Managing clients who want free changes
It’s a common refrain: A project is progressing smoothly, and then a small change is implemented at the client’s request without charge. And then another. And then a larger one...
What are the typical reasons behind these changes? Our clients have reported many to us over the years:
- As a favour in order to keep an important client happy.
- As a sweetener because the project has certain problems.
- To deliver an obvious improvement which neither party had thought of originally.
- As a favour to a client representative who probably should have specified it up-front, to cover up for them.
- As a sweetener to help a client sell the project internally because it is not getting universal support in their company.
- As something that is ‘too small to bother wasting time even documenting’.
- As a pragmatic one-of-those-things event that ‘always happens in complex projects’.
Of course a project professional would counter each one of these arguments in turn. It's all very well to keep clients happy, but randomly nodding through changes isn't the way forward. Changes need to be documented, estimated, formally agreed and communicated, not least so that the client understands and values any concessions that are then made.
Example: Steven Clark, Financial & Commercial Manager of 40-strong Tayburn, told us this:
“Clients are cute, as every agency knows. They subtly ask for amendments here and there, which used to get nodded through for free. But the extra work really mounts up. Our (previous) system didn’t make it easy to track those changes, causing big problems.”
In the web and software development worlds it’s known as ‘Feature creep’ or ‘Scope creep.’ Even when you have a systematic Change Request Policy it’s still all too easy for people to try to circumvent it.
The problem is so pervasive that the internet is peppered with articles such as Tech Republic’s venerable Seven Steps for Avoiding Scope Creep, the seventh of which says:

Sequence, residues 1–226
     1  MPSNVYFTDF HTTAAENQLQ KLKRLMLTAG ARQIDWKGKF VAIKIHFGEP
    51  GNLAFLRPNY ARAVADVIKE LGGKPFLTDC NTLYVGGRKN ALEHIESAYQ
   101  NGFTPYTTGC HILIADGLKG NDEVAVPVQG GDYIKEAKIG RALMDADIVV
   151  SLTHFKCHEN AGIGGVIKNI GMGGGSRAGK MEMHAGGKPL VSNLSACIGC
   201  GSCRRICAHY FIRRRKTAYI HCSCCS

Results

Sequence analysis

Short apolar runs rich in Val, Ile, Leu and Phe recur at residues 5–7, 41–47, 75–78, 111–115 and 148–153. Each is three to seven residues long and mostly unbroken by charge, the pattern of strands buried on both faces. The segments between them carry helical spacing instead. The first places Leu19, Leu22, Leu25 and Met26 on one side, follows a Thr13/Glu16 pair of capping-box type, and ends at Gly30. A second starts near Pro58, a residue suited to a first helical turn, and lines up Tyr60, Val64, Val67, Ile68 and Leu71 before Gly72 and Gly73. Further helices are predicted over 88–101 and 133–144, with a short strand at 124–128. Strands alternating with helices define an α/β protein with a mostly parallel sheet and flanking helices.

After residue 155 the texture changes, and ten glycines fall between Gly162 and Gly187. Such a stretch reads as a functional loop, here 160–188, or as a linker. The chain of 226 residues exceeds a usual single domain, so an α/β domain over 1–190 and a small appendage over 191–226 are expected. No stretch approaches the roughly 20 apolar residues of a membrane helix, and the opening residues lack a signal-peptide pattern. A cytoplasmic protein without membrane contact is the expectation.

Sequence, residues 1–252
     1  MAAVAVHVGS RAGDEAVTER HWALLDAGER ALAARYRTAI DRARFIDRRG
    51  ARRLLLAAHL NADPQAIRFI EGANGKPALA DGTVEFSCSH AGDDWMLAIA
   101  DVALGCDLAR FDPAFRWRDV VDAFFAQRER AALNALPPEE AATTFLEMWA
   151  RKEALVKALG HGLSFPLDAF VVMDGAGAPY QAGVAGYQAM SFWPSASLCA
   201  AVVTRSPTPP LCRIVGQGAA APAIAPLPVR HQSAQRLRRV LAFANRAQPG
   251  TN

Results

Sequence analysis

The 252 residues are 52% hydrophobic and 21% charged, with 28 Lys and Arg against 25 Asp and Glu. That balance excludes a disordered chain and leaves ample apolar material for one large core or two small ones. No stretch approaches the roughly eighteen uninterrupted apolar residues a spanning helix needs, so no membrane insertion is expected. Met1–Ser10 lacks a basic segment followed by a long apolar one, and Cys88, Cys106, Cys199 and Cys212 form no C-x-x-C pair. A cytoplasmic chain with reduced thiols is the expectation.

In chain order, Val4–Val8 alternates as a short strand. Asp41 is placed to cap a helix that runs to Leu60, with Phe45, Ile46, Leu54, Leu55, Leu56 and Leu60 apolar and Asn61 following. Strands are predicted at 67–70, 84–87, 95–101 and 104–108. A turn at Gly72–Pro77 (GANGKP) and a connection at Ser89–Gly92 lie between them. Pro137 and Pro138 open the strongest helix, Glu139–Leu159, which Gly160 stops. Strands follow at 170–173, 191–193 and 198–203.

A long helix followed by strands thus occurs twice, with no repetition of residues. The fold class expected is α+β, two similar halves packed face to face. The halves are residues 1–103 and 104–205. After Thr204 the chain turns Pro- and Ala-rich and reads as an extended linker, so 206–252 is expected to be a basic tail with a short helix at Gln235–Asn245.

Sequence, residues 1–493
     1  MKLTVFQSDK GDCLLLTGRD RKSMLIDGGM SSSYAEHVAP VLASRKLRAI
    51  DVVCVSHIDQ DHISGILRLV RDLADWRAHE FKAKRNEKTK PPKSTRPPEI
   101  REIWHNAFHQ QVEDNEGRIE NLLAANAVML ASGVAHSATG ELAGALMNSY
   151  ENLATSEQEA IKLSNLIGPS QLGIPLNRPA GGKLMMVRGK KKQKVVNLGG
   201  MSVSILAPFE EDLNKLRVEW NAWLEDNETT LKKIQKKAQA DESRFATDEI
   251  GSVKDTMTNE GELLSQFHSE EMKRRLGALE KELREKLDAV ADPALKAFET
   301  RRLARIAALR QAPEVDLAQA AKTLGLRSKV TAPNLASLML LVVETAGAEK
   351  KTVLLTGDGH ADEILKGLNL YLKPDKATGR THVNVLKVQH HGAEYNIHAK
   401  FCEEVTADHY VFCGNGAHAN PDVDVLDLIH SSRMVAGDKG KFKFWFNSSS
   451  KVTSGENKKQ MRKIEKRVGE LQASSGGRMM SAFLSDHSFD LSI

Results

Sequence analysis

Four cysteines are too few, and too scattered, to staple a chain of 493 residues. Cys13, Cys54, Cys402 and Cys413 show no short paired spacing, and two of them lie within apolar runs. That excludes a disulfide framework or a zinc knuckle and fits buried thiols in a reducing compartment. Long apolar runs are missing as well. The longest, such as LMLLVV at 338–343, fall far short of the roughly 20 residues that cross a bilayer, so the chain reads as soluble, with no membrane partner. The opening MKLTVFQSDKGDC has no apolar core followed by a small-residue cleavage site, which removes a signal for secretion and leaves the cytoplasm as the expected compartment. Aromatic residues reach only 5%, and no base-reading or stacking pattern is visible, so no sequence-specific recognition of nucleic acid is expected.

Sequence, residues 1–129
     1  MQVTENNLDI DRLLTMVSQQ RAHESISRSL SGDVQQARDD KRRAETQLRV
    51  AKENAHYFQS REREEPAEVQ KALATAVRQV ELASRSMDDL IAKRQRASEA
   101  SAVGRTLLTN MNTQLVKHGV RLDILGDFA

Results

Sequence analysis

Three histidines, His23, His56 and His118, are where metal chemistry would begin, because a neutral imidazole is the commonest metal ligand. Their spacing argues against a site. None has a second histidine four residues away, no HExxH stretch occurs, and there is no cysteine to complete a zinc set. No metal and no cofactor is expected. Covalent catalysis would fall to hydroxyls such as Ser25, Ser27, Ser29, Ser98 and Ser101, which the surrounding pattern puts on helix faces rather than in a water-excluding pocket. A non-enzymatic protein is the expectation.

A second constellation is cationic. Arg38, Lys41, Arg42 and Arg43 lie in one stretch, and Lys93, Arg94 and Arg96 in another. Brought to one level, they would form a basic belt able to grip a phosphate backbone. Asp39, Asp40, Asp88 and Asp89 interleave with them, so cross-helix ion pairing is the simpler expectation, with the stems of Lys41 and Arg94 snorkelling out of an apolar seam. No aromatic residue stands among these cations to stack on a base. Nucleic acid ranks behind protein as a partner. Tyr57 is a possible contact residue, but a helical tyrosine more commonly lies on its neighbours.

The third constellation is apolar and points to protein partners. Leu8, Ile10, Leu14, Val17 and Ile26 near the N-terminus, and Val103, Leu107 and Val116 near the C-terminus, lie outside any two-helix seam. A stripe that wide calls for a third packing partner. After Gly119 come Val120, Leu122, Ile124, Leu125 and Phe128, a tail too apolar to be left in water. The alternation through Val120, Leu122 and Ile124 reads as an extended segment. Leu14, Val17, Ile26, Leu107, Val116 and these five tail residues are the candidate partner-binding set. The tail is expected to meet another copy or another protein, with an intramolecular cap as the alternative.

"Expect that there will be scope creep. Implement Change Order forms early and educate the project drivers on your processes. A Change Order form will allow you to perform a cost-benefit analysis before scheduling (yes, I said scheduling) changes requested by the project drivers."
HBR (Harvard Business Review) calls scope creep... a hydra-headed monster that every project manager battles. They say this:
"Customers who ask for free work don’t set out to reduce your profitability. They just want to get the best possible result. So it’s up to you as the PM to decide whether to require a change order or complete the extra work for free. You’re often trapped at the junction of “Give away money” and “Make the customer mad.” It’s an uncomfortable place to be.
"An open-book approach to project management doesn’t eliminate the challenges of scope creep, but it can mitigate them. Through team huddles where you regularly review the financials, not just progress against goals and milestones, additional commitments of labour or materials will show up immediately... for everyone to see and discuss. People are less likely to fulfil customer wish lists for free. A system like this takes some of the pressure off the PM — the whole group “owns” the problem of scope creep.
"If your project tracking system allows uncompensated work to happen under the radar, change systems."
So how do you manage feature creep? You create a work culture where every proposed change is logged, so you and the team can manage, track and evaluate all the implications at a glance.
When asking for an online demonstration of Synergist, feel free to ask the online consultant to show how it is managed day to day by the system.
Steven Clark, Tayburn